Vul­ner­a­ble refugees in limbo due to pan­demic

With sup­port work­ers in iso­la­tion, new ar­rivals left in be­wil­der­ing spot

Vancouver Sun - - FRONT PAGE - DAPHNE BRAMHAM dbramham@post­ twit­ter: @bramham_­daphne

Even at the best of times, refugees ar­rive tired, be­wil­dered and, of­ten, trau­ma­tized.

But in these worst of times, they are Canada’s most marginal­ized and most vul­ner­a­ble.

With no friends, no fam­ily, no English or French lan­guage skills, and lit­tle, if any, cul­tural knowl­edge, most of them are de­pen­dent on set­tle­ment so­ci­eties and spon­sor­ship groups to help them nav­i­gate their new world.

Now, even that world is chang­ing daily with emer­gency di­rec­tives that are in­com­pre­hen­si­ble for many re­cent ar­rivals be­cause trans­la­tion is lim­ited to a few lan­guages and their nav­i­ga­tors are prac­tis­ing phys­i­cal dis­tanc­ing, work­ing from home be­cause they don’t have pro­tec­tive gear.

Refugee set­tle­ment has been des­ig­nated an es­sen­tial ser­vice dur­ing the pan­demic and Chris Friesen has barely slept in weeks.

As ex­ec­u­tive direc­tor of the Im­mi­grant Ser­vices So­ci­ety of B.C. and co-chair­man of the na­tional COVID re­sponse team set up by Im­mi­gra­tion, Refugee and Ci­ti­zen­ship Canada, he’s one of many try­ing to re­tool ser­vices on the fly in a very com­plex sys­tem.

When the Cana­dian gov­ern­ment and the In­ter­na­tional Or­ga­ni­za­tion for Mi­gra­tion sus­pended set­tle­ment op­er­a­tions on March 17, it left 7,500 peo­ple with per­ma­nent res­i­dent visas stranded.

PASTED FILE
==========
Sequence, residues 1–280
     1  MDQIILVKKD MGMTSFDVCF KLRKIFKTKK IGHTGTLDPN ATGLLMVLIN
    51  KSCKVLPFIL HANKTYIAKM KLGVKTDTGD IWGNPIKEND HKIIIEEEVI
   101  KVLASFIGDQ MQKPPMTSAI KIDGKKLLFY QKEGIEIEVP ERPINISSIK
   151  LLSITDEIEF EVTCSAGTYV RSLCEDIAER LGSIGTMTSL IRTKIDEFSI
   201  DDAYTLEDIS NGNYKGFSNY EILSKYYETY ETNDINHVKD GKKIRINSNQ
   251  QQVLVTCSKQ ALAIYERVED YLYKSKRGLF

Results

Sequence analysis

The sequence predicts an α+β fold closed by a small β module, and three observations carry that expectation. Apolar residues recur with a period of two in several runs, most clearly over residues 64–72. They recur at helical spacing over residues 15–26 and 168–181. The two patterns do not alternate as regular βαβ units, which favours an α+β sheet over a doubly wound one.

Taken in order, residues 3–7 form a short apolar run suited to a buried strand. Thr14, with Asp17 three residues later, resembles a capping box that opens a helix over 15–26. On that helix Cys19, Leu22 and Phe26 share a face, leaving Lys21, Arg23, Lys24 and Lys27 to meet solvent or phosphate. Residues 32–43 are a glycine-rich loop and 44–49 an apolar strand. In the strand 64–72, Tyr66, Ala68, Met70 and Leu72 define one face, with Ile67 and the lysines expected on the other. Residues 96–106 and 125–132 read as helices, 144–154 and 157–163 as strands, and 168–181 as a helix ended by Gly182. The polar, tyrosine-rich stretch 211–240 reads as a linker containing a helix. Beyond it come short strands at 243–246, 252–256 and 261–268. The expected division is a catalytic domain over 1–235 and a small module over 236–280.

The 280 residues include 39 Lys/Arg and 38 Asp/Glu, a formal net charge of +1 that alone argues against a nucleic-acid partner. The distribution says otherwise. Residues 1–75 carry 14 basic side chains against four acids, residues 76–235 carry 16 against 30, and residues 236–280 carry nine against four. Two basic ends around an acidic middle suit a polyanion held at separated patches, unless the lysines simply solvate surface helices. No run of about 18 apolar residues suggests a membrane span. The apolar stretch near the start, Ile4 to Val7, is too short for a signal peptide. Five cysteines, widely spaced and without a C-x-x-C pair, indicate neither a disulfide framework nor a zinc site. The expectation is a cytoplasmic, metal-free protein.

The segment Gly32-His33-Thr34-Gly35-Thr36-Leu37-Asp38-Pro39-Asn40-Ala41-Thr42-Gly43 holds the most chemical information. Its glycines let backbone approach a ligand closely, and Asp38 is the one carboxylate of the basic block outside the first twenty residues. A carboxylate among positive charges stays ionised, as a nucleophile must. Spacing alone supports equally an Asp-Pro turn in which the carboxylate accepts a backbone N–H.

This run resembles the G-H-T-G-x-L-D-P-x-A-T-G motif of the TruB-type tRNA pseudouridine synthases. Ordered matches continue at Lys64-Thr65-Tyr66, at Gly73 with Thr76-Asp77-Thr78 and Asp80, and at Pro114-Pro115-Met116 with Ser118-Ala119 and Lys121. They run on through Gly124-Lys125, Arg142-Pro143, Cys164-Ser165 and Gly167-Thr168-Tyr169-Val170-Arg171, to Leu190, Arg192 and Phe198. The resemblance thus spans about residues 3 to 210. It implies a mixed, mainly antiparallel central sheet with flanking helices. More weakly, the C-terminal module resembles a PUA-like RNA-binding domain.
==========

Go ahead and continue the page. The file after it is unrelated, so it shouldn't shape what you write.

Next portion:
Of those, 3,903 are gov­ern­ment-as­sisted refugees, which means they are in such ur­gent need of pro­tec­tion that some are still be­ing brought to Canada. Last week, for ex­am­ple, one fam­ily and one in­di­vid­ual ar­rived, one in Al­berta and an­other in On­tario. They’re in quar­an­tine.

Gov­ern­ment-as­sisted refugees in­clude tor­ture vic­tims, sin­gle moth­ers who are vic­tims of vi­o­lence, peo­ple with spe­cial med­i­cal needs, in­di­vid­u­als who had been jailed for spu­ri­ous rea­sons and per­se­cuted mi­nori­ties from eth­nic, cul­tural, re­li­gious or LGBTQ+ groups.

Also in limbo are 3,697 pri­vately spon­sored refugees who are spon­sored by in­di­vid­u­als, com­mu­nity- and religion-based groups.

Some are liv­ing in or have been forced to re­turn to over­crowded refugee camps where the In­ter­na­tional Or­ga­ni­za­tion for Mi­gra­tion says COVID-19 could be cat­a­strophic. There are about 26 mil­lion refugees world­wide.

Oth­ers are in ho­tels near now-empty air­ports, stuck in tran­sit cen­tres or des­per­ately search­ing for shel­ter hav­ing al­ready given up ac­com­mo­da­tion in ad­vance of their can­celled de­par­ture.

Thou­sands of in-coun­try refugees are also in Covid-in­duced limbo.

“I worry most about the sin­gle moth­ers and those ur­gent pro­tec­tion cases whose ar­rival has been sus­pended through no fault of own,” Friesen said.

A sur­vey of 37 Cana­dian set­tle­ment so­ci­eties com­pleted on April 3 found per­ma­nent hous­ing is the most press­ing need for the 274 refugees cur­rently in tem­po­rary ac­com­mo­da­tion.

Among the many chal­lenges is that most set­tle­ment work­ers don’t have per­sonal pro­tec­tive equip­ment.

So, with phys­i­cal dis­tanc­ing and work-from-home di­rec­tives, it’s im­pos­si­ble to es­cort clients to view ren­tals. Add to that, most land­lords also don’t want to risk show­ing suites.